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Mikael H

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The best way to learn anything is to need it for a concrete project. Now one project could of course be "do all photo-related stuff in Linux instead of in Windows", but as you say, that's a pretty big bite, and unless you have a technical or principle-based reason to take the added hassle, you're unlikely to follow through with it.

Linux is often even more plug-and-play than Windows, in that it recognizes a lot of common hardware out of the box. For most stuff you don't need to hunt individual drivers from various sources; you just install your favorite distribution.

Unfortunately when it comes to user space software, it is a well-known problem that free or open programs are usually not as polished as commercial products. You usually gain a lot of customizability, but you may have to dig through settings menus or even configuration files to choose sane settings for yourself. The benefit from this is that once you're happy with your settings you can often keep using them for years or even decades, and since the settings are usually text-based under the hood, you can keep multiple computers in sync with the same settings easily, and migrate settings from your old computer to your new one with a minimal amount of hassle. The drawback is that initial configuration can be a bitch.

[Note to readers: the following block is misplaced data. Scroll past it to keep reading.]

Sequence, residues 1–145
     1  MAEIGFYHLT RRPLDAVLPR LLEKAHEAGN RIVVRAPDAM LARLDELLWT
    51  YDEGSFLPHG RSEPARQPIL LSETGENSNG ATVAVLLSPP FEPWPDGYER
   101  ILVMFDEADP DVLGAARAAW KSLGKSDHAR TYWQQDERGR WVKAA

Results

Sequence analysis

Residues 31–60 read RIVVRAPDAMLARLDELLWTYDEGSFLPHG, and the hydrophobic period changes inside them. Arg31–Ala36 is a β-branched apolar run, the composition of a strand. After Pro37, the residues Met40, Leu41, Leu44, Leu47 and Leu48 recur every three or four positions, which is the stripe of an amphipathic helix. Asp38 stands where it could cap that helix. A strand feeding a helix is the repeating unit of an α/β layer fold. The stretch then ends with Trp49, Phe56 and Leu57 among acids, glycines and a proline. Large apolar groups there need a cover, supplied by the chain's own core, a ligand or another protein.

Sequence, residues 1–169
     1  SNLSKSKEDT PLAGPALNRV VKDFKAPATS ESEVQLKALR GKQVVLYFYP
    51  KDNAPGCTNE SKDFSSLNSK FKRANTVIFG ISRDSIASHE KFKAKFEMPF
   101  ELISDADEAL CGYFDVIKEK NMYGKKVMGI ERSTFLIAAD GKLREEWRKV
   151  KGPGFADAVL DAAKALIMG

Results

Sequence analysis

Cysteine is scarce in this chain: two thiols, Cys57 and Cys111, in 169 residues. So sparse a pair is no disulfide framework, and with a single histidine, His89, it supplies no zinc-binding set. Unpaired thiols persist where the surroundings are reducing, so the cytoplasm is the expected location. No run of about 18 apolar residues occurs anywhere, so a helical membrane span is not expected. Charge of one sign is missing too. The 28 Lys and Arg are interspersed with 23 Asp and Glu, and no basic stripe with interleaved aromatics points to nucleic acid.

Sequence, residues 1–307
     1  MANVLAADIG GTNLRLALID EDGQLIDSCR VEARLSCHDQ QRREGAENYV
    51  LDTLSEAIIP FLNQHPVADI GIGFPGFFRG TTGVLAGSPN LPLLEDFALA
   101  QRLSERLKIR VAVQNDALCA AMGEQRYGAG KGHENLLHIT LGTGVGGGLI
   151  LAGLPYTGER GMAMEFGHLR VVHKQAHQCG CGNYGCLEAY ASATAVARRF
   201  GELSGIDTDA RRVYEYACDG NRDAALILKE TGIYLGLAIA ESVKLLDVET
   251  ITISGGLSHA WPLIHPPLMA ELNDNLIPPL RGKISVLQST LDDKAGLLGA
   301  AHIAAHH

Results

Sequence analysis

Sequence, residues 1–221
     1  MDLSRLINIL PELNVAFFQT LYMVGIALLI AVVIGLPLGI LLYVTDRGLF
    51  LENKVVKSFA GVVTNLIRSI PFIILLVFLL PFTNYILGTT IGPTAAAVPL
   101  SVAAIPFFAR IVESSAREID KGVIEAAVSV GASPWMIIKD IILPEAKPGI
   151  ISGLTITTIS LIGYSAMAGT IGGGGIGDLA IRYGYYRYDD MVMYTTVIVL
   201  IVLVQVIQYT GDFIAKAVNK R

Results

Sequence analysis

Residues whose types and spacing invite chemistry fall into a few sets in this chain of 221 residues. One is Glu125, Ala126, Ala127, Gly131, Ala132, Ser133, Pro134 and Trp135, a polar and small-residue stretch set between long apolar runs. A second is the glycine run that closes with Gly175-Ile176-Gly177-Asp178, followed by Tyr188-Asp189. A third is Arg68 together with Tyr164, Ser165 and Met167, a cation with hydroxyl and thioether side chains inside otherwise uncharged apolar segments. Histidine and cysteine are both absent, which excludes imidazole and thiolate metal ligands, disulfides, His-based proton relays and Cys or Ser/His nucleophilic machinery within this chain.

And of course: Not all free products actually have feature parity with their commercial counterparts. There are things you won't be able to do in Gimp compared to Photoshop unless you write them yourself or somebody writes them for you.

If you're serious about learning Linux, an alternative to dual-booting might be to run a Windows VM from within Linux, and gradually move workflows from Windows to Linux until you know exactly what you can and what you can't do in the latter system.
 

sracer

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Apr 9, 2010
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Maybe I need a stable work environment for my photography / android escapades and step back and learn Linux on another system, but trying to learn in my real world use has been challenging. Maybe I am biting off a bit more then I can chew and skipping steps on Linux.

Like I mentioned, I am not quite sure where I am going with this post, mostly just some "out loud tech chat"?
If money is not critical, I recommend a separate system for tinkering around with Linux. I find that to be more enjoyable and more fruitful than running in a VM, but that's a subjective thing.

Just yesterday I installed GalliumOS on my Acer Chromebook 14 to completely replace Chrome OS. The Acer was my "main" laptop (replaced my aging 11" MBA) and was thoroughly enjoying it. 14" HD matte screen, full aluminum body, light-weight, terrific battery life and decent performance. But after getting a killer deal on a new Pixelbook, THAT became my primary notebook.